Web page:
Syrian opposition: Regime uses chemical weapons

COMPILED FROM WIRE SERVICES
ISTANBUL
Published 03.08.2016 22:30
Updated 03.08.2016 22:31
A rescue worker treats an infant who was affected by a chlorine gas attack dropped by regime warplane.
A rescue worker treats an infant who was affected by a chlorine gas attack dropped by regime warplane.

Syrian opposition groups have accused the regime of using chemical weapons in Aleppo on civilians while tensions between Russia and the U.S. have increased since Moscow is directly involved in the Aleppo siege

Syrian opposition groups accused government forces of launching toxic gas attacks on civilians in a town southwest of Aleppo on Tuesday. Opposition sources provided video of people receiving treatment who they say were among the victims of a gas attack. The accusations came amid heightened fighting around the contested northern city that killed at least 20 people, activists and government media reported. Rescuers and doctors in opposition-held Saraqib, a town in the northwestern Idlib province, about 40 kilometers (25 miles) southwest of Aleppo, reported dozens of cases of severe breathing difficulties, saying the symptoms pointed to a chlorine gas attack.

A neurologist, Dr. Ibrahim al-Assad, said he treated 16 of the 29 cases brought to his hospital on Monday night, most of whom were women and children. One elderly man needed critical care but most of the casualties were suffering from breathing difficulties, red eyes and wheezing, al-Assad said. He said first responders smelled the gas at the site of the bomb attack, which he described as a busy shopping area near an ice cream shop. Opposition groups and activists have reported chlorine gas attacks in the town before, but the lack of chemical labs or independent testers makes it difficult to verify these claims. The government denies that is has launched chlorine gas attacks.

Moscow on Tuesday blasted criticism by Washington over its actions in Syria, saying it was "unacceptable" to demand restraint around Aleppo. "As soon as there is real headway in fighting terrorists, made by the Syrian government and army with our support, the Americans started... demanding that we stop fighting terrorists," Deputy Foreign Minister Sergei Ryabkov told RIA-Novosti agency. Britain-based monitors reported that Russia launched heavy air strikes in the Aleppo outskirts, slowing a last-ditch effort by opposition groups to break the siege. U.S. Secretary of State John Kerry on Monday called on Russia and its Damascus ally to refrain "from conducting offensive operations" in Aleppo, where regime forces surrounded opposition-held districts. Kerry said the attacks prevented the warring parties from meeting Monday, the target date set by the international community for the regime and opposition to agree on the framework for political transition. "We will see in the course of the next hours, few days, whether or not that dynamic can be changed," Kerry said. Ryabkov however rejected such talk as an ultimatum. "To hear from Washington that... the next hours and days will be decisive, that is an ultimatum-like, unacceptable tone. I think this is regular blackmail that is common to the Americans," said Ryabkov.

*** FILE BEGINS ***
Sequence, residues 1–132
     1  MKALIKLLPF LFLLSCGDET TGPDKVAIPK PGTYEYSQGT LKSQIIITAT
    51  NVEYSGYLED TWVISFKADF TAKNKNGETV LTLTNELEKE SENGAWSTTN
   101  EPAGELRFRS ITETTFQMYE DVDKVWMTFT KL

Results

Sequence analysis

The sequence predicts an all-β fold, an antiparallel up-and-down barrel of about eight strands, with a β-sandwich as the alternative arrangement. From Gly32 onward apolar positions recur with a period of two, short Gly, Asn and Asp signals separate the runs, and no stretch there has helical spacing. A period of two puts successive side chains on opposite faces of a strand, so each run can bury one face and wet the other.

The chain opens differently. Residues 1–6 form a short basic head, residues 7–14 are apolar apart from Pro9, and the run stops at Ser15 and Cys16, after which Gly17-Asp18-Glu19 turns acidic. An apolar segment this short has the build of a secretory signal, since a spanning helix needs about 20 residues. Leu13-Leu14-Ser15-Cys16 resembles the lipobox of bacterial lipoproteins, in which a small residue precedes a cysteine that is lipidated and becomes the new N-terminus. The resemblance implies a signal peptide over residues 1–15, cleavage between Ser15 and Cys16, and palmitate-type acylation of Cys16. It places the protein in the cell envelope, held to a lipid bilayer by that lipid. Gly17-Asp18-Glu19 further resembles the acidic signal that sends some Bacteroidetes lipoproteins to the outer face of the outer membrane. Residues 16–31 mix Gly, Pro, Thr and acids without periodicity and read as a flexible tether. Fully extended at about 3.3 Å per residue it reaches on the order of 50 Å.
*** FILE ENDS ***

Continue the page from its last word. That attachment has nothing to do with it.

Fighting has intensified around Aleppo and its neighboring provinces since the government sealed off the final route into opposition-controlled neighborhoods of the city. The United Nations said the encirclement of opposition-held areas of deeply divided Aleppo traps nearly 300,000 residents, making it the largest besieged area in war-torn Syria. The opposition groups have launched a counteroffensive, clashing with government forces on a number of fronts. They detonated at least one large tunnel bomb underneath a government position on the southern outskirts of Aleppo on Tuesday evening, in a renewed attempt to break the government's siege on the city's east. The Syrian Observatory for Human Rights, a Britain-based monitoring group, said fighters were killed on both sides in battles around the southern al-Ramouseh and al-Amerieh neighborhoods of the city, but did not have exact figures. Several opposition factions, including the Levant Conquest Front, formerly known as the Nusra Front and linked to al-Qaida, announced they had taken government positions there and killed soldiers.

The Observatory said at least 11 people, including five children, were killed when bombs were dropped in a market in the opposition-held town of Atareb. The activist-run Aleppo Media Center said the death toll was 20, posting pictures of destroyed buildings and civilians searching for survivors. On Tuesday, residents of the opposition-held parts of Aleppo returned to burning tires, sending up big plumes of black smoke in the hope of preventing airstrikes. But anti-government activists and residents reported that airstrikes and unguided barrel bombs hit various parts of the city. At least one person was killed in al-Sukkari neighborhood, according to the activist-operated Local Coordination Committees. On social media, opposition fighters asked residents to stay indoors and away from front lines.

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